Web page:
100549 interviews created 
 
 
 
 
 
 
 
 
 
 
 





What type of reading inspires you to write?
 
Whohub


If I really like a story, and find an undeveloped charater, or want more of that character, but know they being getting more in the future, then I simply give them life and start to give them shape. Sort of like cutting the chicken out of a block of clay. My ceramics teacher in high school, Mr Gossi, always said, "The chicken is in there, you just have to take away whats not part of the chicken." Somehow my clay always ended up looking like Jabba the Hutt. 


Visual writing. Details when the pace is slow, action when it's fast. Visceral action, where I can feel and think what the characters are going through. I guess the word is "engaging". I love well-written sci-fi as well as spiritual non-fiction.

I love characters with a past and try to let out backstory during the story.

It drives me crazy when writer's don't strive to get the punctuation right. Missing quotation marks missing commas when there should really be a breath there that drives me crazy (see what I mean?). I say, err on the side of too many commas when in doubt. Too few commas makes the text run in together.
 


Poets of excellence--the ones I already mentioned and others: Allen Ginsberg, Richard Brautigan, Marge Piercy, Andrew Hudgins, and more. Good fiction also inspires me: Hemmingway, Faulkner, John Steinbeck, John Gardner and others. 


All different types of reading can do it. There's this moment during the reading of a book or magazine when I see a line and think, "wow, I wish that I had said it like that" and that's when I know I've been inspired. 


Carson McCullers, Nelson Algren, Henry Miller and Anais Nin. 


Any good writing. 


I am interested in off-the-wall stories; stories that are truly unique and captivating. Character development is important. I am inspired to write without reading. 


Reading GOOD WRITING inspires me to write, and the spectrum is as vast as it varied.
Of course I have my long list of favorite writers, but I am always on the quest- there are so many wonderful writers out there, both published and unpublished. Each time I think I have some genre nailed, some writer I have never heard pops up, most often in the body of a book I am reading, most often in its introduction or preface. I do read a good deal of literary critiques, which one hand I think is usually pretentious subjective dribble but it does offer the benefit of introducing new writers... So, it could be poetry, a novel, an essay, short story, an aphorism (Nietzsche is great for that!) these are all things that fall either into the category of things that make me think or feel on a deep level. But things that make me laugh inspire me as well so in addition to above list I would add things like a funny bumper sticker or label on a can of soup or newspaper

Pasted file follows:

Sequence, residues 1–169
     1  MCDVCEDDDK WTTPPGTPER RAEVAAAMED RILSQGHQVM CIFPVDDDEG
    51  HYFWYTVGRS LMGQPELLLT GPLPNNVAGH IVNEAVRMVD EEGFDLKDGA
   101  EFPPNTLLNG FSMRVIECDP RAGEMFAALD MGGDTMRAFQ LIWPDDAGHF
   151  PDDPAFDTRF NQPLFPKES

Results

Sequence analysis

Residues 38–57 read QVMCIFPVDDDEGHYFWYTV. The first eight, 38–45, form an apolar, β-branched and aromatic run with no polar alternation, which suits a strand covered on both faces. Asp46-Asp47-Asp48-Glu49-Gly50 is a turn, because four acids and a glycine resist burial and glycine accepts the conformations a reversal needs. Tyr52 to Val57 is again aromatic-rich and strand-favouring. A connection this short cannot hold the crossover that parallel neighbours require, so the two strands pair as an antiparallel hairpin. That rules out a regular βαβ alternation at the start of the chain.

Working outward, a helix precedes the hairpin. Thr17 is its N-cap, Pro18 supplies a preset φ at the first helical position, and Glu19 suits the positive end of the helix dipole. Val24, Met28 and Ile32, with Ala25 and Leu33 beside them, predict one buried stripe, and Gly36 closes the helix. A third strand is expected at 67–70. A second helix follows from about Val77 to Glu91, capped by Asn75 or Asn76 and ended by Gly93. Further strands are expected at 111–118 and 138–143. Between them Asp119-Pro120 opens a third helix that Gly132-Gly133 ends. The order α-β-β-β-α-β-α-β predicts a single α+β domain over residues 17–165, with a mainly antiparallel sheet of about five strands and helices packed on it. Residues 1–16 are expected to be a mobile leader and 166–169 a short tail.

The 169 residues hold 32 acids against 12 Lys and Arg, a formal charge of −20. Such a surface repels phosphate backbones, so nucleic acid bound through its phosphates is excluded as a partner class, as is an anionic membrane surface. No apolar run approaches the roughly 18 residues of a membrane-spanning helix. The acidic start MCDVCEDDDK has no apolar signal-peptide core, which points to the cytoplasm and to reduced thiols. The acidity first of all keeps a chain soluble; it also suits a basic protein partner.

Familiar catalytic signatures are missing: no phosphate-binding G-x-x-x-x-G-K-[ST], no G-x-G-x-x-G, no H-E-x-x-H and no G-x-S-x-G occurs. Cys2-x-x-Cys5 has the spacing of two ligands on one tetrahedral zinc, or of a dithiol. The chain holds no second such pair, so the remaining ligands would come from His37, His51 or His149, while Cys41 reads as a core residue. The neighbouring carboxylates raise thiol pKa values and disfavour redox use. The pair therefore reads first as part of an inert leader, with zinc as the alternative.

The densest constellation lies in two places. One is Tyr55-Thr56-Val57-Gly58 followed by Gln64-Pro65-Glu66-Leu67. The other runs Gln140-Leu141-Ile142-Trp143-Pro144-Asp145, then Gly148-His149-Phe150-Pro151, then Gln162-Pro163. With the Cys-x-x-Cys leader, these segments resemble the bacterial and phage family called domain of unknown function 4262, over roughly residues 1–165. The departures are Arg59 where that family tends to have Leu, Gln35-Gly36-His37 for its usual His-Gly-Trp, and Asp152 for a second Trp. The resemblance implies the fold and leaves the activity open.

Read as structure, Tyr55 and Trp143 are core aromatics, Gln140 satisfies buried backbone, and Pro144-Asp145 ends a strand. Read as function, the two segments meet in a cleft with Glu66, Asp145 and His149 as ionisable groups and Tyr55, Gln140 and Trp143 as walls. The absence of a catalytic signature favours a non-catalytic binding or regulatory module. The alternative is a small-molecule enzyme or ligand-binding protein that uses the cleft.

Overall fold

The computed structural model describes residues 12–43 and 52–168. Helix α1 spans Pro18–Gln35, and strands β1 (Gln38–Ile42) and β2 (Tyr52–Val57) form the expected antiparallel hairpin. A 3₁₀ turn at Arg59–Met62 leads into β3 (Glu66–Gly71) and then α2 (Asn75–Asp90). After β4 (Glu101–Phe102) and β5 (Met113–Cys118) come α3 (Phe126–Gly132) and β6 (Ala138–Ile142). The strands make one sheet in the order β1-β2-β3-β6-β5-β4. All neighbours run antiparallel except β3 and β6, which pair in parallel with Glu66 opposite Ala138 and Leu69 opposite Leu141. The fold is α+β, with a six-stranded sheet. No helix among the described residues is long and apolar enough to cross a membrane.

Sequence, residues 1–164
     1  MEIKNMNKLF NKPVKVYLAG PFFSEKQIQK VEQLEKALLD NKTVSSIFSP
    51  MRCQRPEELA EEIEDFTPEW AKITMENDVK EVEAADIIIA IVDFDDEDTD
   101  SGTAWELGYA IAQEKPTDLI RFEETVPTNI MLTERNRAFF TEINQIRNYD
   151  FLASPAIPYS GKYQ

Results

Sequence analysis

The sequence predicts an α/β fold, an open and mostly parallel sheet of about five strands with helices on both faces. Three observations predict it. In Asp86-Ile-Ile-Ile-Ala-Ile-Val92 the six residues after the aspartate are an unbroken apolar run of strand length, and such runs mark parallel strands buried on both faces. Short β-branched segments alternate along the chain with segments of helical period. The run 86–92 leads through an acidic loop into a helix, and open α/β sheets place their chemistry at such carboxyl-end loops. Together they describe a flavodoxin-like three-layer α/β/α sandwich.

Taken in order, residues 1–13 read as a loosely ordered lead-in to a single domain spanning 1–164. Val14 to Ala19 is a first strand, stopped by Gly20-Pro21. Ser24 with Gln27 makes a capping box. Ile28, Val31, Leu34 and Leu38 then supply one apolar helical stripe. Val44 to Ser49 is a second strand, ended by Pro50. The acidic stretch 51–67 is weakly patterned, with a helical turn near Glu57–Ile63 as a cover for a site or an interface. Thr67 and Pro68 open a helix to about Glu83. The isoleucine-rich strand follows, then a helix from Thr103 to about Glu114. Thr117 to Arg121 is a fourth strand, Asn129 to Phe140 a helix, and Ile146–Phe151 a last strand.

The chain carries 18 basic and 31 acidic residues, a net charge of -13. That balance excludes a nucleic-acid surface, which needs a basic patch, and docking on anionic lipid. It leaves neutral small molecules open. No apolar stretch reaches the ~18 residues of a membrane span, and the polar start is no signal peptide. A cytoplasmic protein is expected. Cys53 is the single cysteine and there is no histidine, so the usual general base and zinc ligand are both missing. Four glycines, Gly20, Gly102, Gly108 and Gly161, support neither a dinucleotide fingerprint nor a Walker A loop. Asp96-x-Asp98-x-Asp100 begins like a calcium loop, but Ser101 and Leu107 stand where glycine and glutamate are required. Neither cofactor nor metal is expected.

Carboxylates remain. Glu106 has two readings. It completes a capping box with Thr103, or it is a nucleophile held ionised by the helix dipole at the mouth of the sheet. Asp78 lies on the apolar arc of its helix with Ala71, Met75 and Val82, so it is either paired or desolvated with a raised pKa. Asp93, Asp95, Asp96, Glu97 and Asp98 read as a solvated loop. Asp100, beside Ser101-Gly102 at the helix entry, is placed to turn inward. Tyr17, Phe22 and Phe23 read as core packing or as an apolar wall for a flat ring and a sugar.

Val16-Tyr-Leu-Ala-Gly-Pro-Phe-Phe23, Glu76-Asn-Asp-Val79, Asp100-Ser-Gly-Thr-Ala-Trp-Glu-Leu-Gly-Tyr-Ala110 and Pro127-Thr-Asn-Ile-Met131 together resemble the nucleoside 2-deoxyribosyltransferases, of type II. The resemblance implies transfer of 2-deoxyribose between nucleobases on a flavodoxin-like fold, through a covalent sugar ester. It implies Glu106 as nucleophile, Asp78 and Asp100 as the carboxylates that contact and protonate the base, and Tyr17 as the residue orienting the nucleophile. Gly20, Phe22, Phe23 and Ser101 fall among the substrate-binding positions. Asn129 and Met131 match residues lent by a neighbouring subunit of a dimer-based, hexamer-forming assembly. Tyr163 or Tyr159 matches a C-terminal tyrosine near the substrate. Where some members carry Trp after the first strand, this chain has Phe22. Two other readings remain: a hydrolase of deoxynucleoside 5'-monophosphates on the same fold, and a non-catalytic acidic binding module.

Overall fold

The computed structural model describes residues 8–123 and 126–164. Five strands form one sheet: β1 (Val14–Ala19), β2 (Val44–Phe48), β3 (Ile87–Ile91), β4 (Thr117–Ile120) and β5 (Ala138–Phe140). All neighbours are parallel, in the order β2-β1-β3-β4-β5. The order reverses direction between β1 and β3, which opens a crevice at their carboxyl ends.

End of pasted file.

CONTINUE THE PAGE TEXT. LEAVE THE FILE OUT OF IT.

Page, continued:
headline.
 


Pretty much non-fiction. 


It is hard to pinpoint my reading to one artificially compartmentalized category. I read fiction and non fiction. I am inspired by the style and lucidity of edited articles from Reader's Digest. There are unsung writers writing technical issues about Perl and Server administration. The humor they bring to the mundane dry topics of technology is always inspiring. It is the treatment they mete out to any topic is what prods me to write. 


I try not to read when I'm in the process of writing, but reading my favorites makes me want to write. 


That varies a lot, but I would have to say realistic fiction. 


I find myself more inclined to reading non-fiction. 


Going to good plays, any dark Russian Novel. 


Philosophical and religious books. I do not consider myself a religious guru. 



| 1 | 2 | 3 | 4 | 5 | 6 | 7 | 8 | 9 | 10 | 11 | 12 | 13 | 14 | 15 | 16 | 17 | 18 | 19 | 20 | 21 | 22 | 23 | 24 | 25 | 26 | 27 | 28 | 29 | 30 | 31 | 32 | 33 | 34 | 35 | 36 | 37 | 38 | 39 | 40 | 41 | 42 | 43 | 44 | 45 | 46 | 47 | 48 | 49 | 50 | 51 | 52 | 53 | 54 | 55 | 56 | 57 | 58 | 59 | 60 | 61 | 62 | 63 | 64 | 65 | 66 | 67 | 68 | 69 | 70 | 71 | 72 | 73 | 74 | 75 | 76 | 77 | 78 | 79 | 80 | 81 | 82 | 83 | 84 | 85 | 86 | 87 | 88 | 89 | 90 | 91 | 92 | 93 | 94 | 95 | 96 | 97 | 98 | 99 | 100 | 101 | 102 | 103 | 104 | 105 | 106 | 107 | 108 | 109 | 110 | 111 | 112 | 113 | 114 | 115 | 116 | 117 | 118 | 119 | 120 | 121 | 122 | 123 | 124 | 125 | 126 | 127 | 128 | 129 | 130 | 131 | 132 | 133 | 134 | 135 | 136 | 137 | 138 | 139 | 140 | 141 | 142 | 143 | 144 | 145 | 146 | 147 | 148 | 149 | 150 | 151 | 152 | 153 | 154 | 155 | 156 | 157 | 158 | 159 | 160 | 161 | 162 | 163 | 164 | 165 |
<< PREVIOUS  NEXT >>
 




      INVITE YOUR FRIENDS    About Whohub  User rules  FAQ  Sitemap  Search  Who's online  Jobs